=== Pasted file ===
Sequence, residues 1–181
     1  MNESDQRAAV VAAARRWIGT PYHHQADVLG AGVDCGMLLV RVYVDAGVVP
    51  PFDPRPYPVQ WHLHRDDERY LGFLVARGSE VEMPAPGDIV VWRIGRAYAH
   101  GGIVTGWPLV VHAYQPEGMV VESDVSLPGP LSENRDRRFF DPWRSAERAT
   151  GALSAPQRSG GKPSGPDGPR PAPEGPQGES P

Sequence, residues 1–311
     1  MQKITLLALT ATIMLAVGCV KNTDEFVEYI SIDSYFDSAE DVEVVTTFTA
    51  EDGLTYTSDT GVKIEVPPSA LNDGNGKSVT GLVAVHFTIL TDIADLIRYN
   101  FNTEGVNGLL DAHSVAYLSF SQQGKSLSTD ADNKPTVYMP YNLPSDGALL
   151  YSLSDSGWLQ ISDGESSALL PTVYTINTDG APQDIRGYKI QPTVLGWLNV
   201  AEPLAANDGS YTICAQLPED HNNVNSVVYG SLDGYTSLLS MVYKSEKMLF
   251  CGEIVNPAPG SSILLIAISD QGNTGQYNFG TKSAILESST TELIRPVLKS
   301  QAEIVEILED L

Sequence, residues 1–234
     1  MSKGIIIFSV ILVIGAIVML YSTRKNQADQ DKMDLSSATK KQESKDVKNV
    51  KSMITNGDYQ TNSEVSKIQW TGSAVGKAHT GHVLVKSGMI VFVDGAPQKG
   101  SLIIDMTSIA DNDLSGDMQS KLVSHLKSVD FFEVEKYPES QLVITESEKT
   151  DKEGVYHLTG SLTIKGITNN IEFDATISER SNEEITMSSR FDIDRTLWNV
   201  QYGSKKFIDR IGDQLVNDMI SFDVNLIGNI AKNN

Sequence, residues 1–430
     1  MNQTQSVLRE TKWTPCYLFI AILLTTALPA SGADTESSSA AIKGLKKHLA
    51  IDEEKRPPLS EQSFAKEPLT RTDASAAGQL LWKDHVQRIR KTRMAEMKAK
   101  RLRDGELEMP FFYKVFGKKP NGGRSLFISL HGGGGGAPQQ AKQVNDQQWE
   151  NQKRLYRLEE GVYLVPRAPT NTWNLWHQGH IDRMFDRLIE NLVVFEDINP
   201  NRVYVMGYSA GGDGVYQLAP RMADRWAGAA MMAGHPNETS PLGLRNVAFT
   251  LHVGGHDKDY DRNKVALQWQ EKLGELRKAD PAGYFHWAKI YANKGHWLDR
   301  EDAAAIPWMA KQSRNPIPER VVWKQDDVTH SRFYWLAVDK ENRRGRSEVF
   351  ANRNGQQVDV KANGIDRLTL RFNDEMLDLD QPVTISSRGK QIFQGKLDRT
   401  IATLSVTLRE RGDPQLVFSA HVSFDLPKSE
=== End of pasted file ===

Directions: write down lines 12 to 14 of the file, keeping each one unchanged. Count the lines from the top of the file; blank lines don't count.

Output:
   251  CGEIVNPAPG SSILLIAISD QGNTGQYNFG TKSAILESST TELIRPVLKS
   301  QAEIVEILED L

Sequence, residues 1–234